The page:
La Flor. Textured Sweater Pattern.

I am happy to say that La Flor textured sweater pattern has been published today.

Textured Sweater Pattern

La Flor started its journey in October. I had a blurred image of the future design in my head – a classic simple sweater, easy, but engaging to knit; something casual that you can throw on with jeans and relax. I saw it covered in textured stitch that would create an interesting fabric. But at the same time I didn’t want the sweater to look “heavy” and overloaded. After weeks and weeks of swatching, I came up with the variation of one textured stitch that I found in an old stitch dictionary. I changed it a little bit, “spreading” the texture elements further apart to create a fabric that looks like it has been “sprinkled” with tiny flowers. What I love about this stitch variation is that it is so easy and addicting to knit. You basically work in stockinette stitch most of the time until the textured row. I found myself “chasing” these little flowers – you just want to keep knitting to see them spring up on the fabric!

Textured Sweater Pattern

The ribbing pattern. I really love playing with decorative ribbing, it’s always so refreshing to update the classics. The rib pattern creates nice and firm fabric that really stands out against stockinette. I love how these two stitches came together.

Textured Sweater PatternMaybe I am the only one who sees it, but in my head the ribbing with its ridges and tiny bumps looks like the plowed land and the main fabric is the field covered in flowers… Is it way too romantic? 🙂 Maybe I am just craving for spring already! But this image definitely explains the name of the pattern – La Flor (“flower” in Spanish).

Textured Sweater Pattern

La Flor is a modified drop shoulder pullover. The sweater is worked bottom up in the round to armholes. The pattern instructions give you the option to modify the length of the sweater if you feel like it. Then it is divided to work back and fronts separately. There are no seams and shoulders are joined with three-needle bind-off. Sleeves are picked up from armholes and worked in a round to a cuff. The sleeve length is also adjustable and the pattern indicates that. The cap shaping technique is very straightforward as long as you have your markers. It creates a very comfortable fit.

Textured Sweater Pattern

I love “structure” in sweaters and sometimes seamless construction can result in the lack of it in the sweater. That’s why I decided to add an imitation of side seams in the form of 2 stitch garter panel on each side. It really made a difference and created a much more structured look.

Textured Sweater Pattern

As I mentioned in the preview, this sweater is very versatile. I see it in so many variations! I would knit all of them if I had enough time! So let me give you some ideas how you can play around with the pattern.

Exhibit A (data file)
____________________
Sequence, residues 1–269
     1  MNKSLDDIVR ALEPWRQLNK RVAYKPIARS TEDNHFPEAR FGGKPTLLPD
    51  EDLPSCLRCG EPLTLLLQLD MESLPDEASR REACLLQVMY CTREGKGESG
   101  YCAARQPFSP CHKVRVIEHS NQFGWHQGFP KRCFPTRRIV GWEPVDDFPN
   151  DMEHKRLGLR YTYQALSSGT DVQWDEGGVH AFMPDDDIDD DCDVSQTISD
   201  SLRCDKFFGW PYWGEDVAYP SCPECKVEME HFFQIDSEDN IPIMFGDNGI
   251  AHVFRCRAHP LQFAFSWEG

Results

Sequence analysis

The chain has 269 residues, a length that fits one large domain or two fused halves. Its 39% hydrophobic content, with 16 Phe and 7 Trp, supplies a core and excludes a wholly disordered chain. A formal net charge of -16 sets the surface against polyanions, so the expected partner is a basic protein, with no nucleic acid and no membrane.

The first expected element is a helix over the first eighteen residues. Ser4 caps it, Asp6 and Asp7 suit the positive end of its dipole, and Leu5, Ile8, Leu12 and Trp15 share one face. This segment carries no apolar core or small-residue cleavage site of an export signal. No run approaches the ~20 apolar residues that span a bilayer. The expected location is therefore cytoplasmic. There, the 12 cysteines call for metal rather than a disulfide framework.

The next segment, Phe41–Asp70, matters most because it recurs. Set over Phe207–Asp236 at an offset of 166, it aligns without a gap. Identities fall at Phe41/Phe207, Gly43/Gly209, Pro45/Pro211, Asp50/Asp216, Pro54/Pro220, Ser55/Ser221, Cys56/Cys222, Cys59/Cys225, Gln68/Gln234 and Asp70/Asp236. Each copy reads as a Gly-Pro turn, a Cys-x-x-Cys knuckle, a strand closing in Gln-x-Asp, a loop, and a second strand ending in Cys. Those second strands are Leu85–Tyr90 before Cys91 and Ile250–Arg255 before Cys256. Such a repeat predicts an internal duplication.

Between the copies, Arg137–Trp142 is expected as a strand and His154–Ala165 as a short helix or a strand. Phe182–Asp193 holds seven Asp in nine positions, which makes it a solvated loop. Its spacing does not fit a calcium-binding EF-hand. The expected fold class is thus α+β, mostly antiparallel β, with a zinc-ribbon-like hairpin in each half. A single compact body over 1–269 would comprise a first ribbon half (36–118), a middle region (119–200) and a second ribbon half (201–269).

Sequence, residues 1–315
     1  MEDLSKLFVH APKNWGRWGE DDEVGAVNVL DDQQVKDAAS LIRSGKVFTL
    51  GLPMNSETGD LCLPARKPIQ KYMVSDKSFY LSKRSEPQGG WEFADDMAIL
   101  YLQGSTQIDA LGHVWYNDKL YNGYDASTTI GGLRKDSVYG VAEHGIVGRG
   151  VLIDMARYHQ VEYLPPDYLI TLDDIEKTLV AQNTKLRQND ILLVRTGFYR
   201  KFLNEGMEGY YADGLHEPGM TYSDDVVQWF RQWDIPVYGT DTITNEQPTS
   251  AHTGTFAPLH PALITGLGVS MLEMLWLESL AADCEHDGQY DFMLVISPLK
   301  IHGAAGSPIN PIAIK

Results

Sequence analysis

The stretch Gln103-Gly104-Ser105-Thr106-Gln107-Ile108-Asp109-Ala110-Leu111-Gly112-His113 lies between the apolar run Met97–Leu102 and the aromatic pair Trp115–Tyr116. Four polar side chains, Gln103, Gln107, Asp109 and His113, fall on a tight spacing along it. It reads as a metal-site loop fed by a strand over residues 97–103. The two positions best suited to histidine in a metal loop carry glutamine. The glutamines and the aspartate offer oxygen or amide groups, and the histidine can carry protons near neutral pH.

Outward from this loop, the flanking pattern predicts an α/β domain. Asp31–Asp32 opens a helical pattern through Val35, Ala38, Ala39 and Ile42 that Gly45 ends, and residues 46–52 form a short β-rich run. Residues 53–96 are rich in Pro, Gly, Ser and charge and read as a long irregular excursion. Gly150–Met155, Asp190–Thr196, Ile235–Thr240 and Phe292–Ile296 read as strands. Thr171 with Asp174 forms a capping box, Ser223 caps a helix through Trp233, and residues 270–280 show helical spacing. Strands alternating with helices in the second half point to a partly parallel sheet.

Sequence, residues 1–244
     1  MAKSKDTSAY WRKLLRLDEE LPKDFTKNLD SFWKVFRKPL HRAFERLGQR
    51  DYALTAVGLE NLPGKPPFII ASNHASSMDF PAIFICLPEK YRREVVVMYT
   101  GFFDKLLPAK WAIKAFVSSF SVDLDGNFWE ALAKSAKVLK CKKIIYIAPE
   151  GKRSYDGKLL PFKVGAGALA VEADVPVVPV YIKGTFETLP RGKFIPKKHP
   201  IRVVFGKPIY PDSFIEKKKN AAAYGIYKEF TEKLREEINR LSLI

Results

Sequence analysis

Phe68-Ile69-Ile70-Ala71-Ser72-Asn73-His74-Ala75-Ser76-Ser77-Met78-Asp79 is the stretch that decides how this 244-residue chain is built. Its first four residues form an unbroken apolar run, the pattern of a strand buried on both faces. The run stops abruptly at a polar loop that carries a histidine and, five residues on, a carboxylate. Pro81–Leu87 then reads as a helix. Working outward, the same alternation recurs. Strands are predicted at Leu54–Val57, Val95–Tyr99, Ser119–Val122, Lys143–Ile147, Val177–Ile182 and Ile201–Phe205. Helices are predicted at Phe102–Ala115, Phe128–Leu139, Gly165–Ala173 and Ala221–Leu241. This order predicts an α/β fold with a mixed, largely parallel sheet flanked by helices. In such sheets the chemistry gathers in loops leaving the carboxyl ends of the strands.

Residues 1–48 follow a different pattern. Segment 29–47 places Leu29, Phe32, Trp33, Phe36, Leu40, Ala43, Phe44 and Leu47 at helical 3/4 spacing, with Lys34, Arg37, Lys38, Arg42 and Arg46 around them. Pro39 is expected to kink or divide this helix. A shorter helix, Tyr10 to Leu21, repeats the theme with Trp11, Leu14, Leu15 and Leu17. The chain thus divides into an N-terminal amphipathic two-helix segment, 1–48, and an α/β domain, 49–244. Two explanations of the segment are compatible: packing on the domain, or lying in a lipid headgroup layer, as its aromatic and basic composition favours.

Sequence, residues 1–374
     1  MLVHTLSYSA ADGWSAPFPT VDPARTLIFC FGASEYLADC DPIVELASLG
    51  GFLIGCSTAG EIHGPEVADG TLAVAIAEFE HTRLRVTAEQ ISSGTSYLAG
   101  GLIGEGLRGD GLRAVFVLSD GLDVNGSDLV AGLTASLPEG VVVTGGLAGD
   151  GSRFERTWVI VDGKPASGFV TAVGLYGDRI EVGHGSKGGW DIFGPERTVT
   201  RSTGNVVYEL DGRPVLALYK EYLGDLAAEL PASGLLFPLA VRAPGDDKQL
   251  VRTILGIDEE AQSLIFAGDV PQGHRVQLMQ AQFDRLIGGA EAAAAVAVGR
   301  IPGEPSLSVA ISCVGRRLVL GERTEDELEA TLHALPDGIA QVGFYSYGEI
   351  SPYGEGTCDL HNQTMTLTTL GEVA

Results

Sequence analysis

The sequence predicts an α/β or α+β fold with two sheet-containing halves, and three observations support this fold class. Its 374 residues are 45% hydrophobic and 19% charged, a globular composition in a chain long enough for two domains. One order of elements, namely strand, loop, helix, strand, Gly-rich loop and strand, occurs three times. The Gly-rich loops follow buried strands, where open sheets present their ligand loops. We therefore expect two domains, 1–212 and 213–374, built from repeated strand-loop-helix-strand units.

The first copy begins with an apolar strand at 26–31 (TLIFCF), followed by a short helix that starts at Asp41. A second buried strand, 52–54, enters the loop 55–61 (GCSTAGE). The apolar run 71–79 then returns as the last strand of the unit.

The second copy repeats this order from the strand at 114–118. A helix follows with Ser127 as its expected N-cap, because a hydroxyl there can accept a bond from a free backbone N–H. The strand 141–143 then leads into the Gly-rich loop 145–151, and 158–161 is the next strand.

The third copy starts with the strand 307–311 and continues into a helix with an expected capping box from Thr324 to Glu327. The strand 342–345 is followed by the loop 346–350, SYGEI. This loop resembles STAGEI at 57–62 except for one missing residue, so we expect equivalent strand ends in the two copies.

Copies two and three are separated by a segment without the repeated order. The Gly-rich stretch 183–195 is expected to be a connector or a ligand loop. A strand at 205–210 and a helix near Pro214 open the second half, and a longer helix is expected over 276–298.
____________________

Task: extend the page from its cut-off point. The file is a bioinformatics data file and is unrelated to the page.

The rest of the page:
First of all the fit. The beige sample is knit with 1″ of positive ease and it creates a very fitting and structured look. I really love how this stitch pattern lies flat on the body without creating the “bulk”, but at the same time the fabric looks alive, especially when the light plays with texture. But I also see this sweater with a more relaxed, slightly oversize look with drop shoulders. The green sample is knit with 5″ of positive ease. It turns into cozy and casual sweater, but still not sloppy thanks to the garter stitch side panels that hold it together.

Textured Sweater Pattern

Other thing you can play with is fiber. The beige sample is knit in 100% wool and the green sample – 100% cotton. Cotton emphasizes the texture and makes the “flowers” really stand out. If you choose knitting with cotton, I would recommend using needle one size smaller (than for the wool version) for the ribbing.

Textured Sweater Pattern

I can also see this sweater in soft alpaca or even angora, so the texture will be slightly “blurred”, imagine how cozy it would look like in cream alpaca with 6″ of ease! Oh my, I would never take it off!

One more thing you can play with in this pattern is color. I deliberately made the samples in neutral and bright shades, so you can have an idea what look you prefer. But don’t be afraid to experiment and take it further. Maybe you can add some slight gradient effect? Or what if you turn this project into fair isle experiment and knit the flowers in contrasting color? For example, knit the main body in grey and make white “flowers”. I would LOVE to see this option.

I would love to thank you for all your support and enthusiasm about this pattern! As promised, I am giving away 3 free copies of the pattern. Random number generator chose Ruby (Ravelry ID Roobee), Sarah (Ravelry ID sarahdempsen) and Jeanette (Ravelry ID Jeanettebr). Congratulations!!! You will receive the copy of “La Flor” today.

I also wanted to say a huge “Thank you” to my dear test knitters and my technical editor. Without their help, expertise and support this pattern wouldn’t happen. Thank you SO much!!!

General Pattern Information

BODY SIZES:

S (32-34”/81.5-86.5 cm)
M (36-38”/91.5-96.5 cm)
L (40-42”/ 101.5-106.5 cm)
XL (44-47”/112-119 cm)
XXL (48-51”/122-129.5 cm)
3XL (52-55”/132-139 cm)

How to choose a size. For a close fitting look (as shown in beige sample), choose the size with 0.5″-1″ of positive ease. For a more relaxed slightly oversize look with drop shoulders (as shown in green sample), choose the size with 4″-6″ of ease. If you want to knit a relaxed slightly oversize look, but still want the ribbing fit tight, go down with the needle size for the ribbing.